As you may know, one of the many areas of responsibility I have as a product manager in the Enterprise Manager product management team is BI Publisher. BI Publisher is the tool of choice for reporting in Enterprise Manager. If it’s not a tool you’re familiar with, then you are missing out on a lot of the power of the Enterprise Manager repository to provide you the information you need to extend Enterprise Manager beyond the capabilities it currently has. You can read more about it on my BI Publisher page.
Of course, to reach the full capacity of the reporting you can extend Enterprise Manager with, you need to understand the Enterprise Manager repository, and that’s what this post will introduce you to. First, however, you need to understand a little more about the BI Publisher security model.
This note models one feature of a problem that came up at a client site recently from a system running 220.127.116.11 – a possible bug in the way the optimizer handles a multi-column in-list that can lead to extremely bad cardinality estimates.
The original query was a simple three table join which produced a bad plan with extremely bad cardinality estimates; there was, however, a type-mismatch in one of the predicates (of the form “varchar_col = numeric”), and when this design flaw was addressed the plan changed dramatically and produced good cardinality estimates. The analysis of the plan, 10053 trace, and 10046 trace files done in-house suggested that the problem might relate in some way to an error in the handling of SQL Plan Directives to estimate cardinalities.
A number of emails I received about trying out Delphix Express was regarding VMWare. Many of my followers had used Virtualbox for a long time and we all know, no one likes change, (OK, maybe me, but we know how abnormal I am anyway… :))
I have already written about the use of Connection Manager 11.2 to govern access to a database. While researching this piece I have updated the original post so that it’s relevant for 12c as well.
Although the idea of using Connection Manager is tempting, the obvious first question is about high availability of the process, you don’t want it to become a Single Point of Failure (SPOF). After all, if the gatekeeper to your database environment fails, you are effectively closed for business. One option would be to add another CMAN process that could be used.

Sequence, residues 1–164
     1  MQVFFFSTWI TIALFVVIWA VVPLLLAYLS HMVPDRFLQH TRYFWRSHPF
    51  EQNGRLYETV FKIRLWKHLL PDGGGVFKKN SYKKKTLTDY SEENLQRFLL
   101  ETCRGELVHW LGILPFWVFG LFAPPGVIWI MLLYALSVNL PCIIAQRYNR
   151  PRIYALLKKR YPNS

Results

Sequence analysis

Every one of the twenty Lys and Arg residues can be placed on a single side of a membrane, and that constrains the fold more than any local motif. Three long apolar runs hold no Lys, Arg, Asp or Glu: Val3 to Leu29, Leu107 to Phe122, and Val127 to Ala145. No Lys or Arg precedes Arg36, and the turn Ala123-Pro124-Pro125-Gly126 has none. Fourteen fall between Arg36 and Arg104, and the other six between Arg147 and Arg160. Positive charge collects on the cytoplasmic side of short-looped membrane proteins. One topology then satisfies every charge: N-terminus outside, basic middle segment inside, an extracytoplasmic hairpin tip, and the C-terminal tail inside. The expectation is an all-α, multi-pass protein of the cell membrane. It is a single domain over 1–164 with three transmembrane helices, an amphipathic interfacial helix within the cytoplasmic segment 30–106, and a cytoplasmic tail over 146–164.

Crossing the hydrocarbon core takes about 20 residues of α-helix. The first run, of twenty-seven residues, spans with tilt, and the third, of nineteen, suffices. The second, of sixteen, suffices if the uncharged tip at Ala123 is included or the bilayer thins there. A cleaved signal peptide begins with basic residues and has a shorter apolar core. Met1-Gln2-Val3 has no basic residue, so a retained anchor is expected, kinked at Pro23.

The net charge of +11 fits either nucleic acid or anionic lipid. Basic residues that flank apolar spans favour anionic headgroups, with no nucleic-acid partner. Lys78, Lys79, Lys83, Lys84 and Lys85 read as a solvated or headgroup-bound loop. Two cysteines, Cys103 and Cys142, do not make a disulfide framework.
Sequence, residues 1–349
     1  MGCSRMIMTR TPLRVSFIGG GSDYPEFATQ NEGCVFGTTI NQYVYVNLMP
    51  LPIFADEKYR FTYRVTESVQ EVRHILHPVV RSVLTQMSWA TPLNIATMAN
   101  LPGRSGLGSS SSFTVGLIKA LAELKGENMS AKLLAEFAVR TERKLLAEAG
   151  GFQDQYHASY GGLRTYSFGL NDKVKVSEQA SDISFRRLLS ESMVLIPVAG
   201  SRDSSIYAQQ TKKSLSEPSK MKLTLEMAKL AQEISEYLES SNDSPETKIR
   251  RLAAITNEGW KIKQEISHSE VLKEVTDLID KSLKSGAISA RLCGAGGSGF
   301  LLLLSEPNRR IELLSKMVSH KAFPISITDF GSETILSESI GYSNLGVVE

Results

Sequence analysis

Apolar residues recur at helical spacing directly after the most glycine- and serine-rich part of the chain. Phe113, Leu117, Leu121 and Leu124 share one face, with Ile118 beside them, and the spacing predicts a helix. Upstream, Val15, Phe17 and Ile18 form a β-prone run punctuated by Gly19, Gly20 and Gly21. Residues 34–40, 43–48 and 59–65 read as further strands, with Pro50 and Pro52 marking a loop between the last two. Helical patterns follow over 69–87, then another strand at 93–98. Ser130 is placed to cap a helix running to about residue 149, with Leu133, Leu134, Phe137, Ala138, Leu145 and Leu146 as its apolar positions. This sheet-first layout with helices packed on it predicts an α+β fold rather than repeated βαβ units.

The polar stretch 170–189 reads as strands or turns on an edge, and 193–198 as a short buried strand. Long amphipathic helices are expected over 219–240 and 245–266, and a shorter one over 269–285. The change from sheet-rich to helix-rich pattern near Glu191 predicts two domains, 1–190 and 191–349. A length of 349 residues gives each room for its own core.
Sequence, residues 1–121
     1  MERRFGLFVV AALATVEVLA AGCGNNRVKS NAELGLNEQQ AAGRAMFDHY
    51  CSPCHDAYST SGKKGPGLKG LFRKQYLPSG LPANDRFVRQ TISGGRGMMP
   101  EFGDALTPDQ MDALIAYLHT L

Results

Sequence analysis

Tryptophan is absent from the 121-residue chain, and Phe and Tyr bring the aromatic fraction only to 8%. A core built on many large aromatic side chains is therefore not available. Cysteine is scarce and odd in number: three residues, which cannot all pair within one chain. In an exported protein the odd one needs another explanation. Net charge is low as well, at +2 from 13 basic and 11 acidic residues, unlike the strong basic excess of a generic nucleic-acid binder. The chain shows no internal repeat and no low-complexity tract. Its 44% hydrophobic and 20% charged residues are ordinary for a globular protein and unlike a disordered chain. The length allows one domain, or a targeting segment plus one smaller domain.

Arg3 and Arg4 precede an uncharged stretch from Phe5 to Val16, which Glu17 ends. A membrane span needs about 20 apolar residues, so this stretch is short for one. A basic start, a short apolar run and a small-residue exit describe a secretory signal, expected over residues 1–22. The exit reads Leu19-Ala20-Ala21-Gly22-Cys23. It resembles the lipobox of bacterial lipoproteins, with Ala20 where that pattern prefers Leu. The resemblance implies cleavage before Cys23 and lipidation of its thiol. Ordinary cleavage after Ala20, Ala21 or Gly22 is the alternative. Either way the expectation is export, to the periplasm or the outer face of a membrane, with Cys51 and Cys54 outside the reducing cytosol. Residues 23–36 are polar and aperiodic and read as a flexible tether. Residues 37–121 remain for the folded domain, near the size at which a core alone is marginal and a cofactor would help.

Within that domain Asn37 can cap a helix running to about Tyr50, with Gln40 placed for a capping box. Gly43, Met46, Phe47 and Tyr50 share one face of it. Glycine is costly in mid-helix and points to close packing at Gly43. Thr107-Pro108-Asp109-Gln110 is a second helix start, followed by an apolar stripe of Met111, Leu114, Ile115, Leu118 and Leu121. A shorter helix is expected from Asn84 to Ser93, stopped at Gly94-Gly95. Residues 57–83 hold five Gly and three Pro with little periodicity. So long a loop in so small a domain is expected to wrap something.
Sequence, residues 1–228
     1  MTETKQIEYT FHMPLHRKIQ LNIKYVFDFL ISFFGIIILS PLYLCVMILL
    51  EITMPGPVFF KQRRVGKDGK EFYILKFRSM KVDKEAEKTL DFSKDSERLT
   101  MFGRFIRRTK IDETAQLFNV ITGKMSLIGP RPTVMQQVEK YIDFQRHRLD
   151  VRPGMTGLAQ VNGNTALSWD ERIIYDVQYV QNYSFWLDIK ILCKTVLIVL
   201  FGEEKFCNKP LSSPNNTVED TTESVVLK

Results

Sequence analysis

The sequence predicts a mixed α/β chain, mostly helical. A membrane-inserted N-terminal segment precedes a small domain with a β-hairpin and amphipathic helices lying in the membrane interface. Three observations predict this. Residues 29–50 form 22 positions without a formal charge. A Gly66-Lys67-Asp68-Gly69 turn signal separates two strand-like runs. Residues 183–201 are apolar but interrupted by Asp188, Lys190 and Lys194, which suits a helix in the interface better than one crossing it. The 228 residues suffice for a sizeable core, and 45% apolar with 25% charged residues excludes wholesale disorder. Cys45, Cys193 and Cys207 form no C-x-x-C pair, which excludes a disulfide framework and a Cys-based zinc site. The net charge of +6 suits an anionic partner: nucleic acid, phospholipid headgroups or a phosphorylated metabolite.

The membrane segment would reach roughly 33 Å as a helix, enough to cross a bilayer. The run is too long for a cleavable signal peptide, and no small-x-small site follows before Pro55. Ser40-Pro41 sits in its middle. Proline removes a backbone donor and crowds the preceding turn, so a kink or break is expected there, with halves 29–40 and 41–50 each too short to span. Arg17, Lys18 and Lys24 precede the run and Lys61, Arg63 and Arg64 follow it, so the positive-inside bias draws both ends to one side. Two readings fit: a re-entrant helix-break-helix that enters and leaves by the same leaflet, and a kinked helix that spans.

I have created a few VMs to simulate the scenario. I installed CMAN in 2 VMs running Oracle Linux 7 and CMAN 12c. The client homes have been patched up to the April PSU because that’s considered good practice (although I couldn’t find a reference to CMAN in the OPatch logs). The hosts are named oracledev and server4.
Null represents the absence of a value in a database column. Null means no value at all, and in that sense null can be thought of as nothing. Should you fear the nothing? Yes, indeed! Because nulls lead to three-valued logic, which is more like a three-headed monster because of all the unintended, counterintuitive, and often just plain wrong results it can cause.
Following is a contrived example showing how nulls can lead to counterintuitive results. Execute the query and check the number of rows that are returned. Compare to the total number of products. Evidently there is a large quantity of products that are simultaneously not red and not some other color. How can this be?
#333333; font-family: "verdana" , "arial" , sans-serif; font-size: 13px; line-height: 16.9px;">The next part of the video tutorial explaining the XPLAN_ASH Active Session History functionality continuing the actual walk-through of the script output.
#333333; font-family: verdana, arial, sans-serif; font-size: 13px; line-height: 16.9px;" />#333333; font-family: "verdana" , "arial" , sans-serif; font-size: 13px; line-height: 16.9px;">More parts to follow.
This blogpost is about using the linux ftrace kernel facility. If you are familiar with ftrace and specifically the function_graph tracer, you might already be aware of this functionality. This is Linux specific, and this facility is at least available in kernel 2.6.39 (Oracle’s UEK2 kernel).
Beginning with Oracle 12c columns may be marked “INVISIBLE” in CREATE and ALTER TABLE statements.
Suppose you have code that uses “SELECT *” (no, really this sometimes occurs) and you need to add a column or columns? Oops! Code using “SELECT *” now breaks as does code using INSERT statements without a column list. (I know, ALL of your system’s code uses explicit column name lists in SELECT and INSERT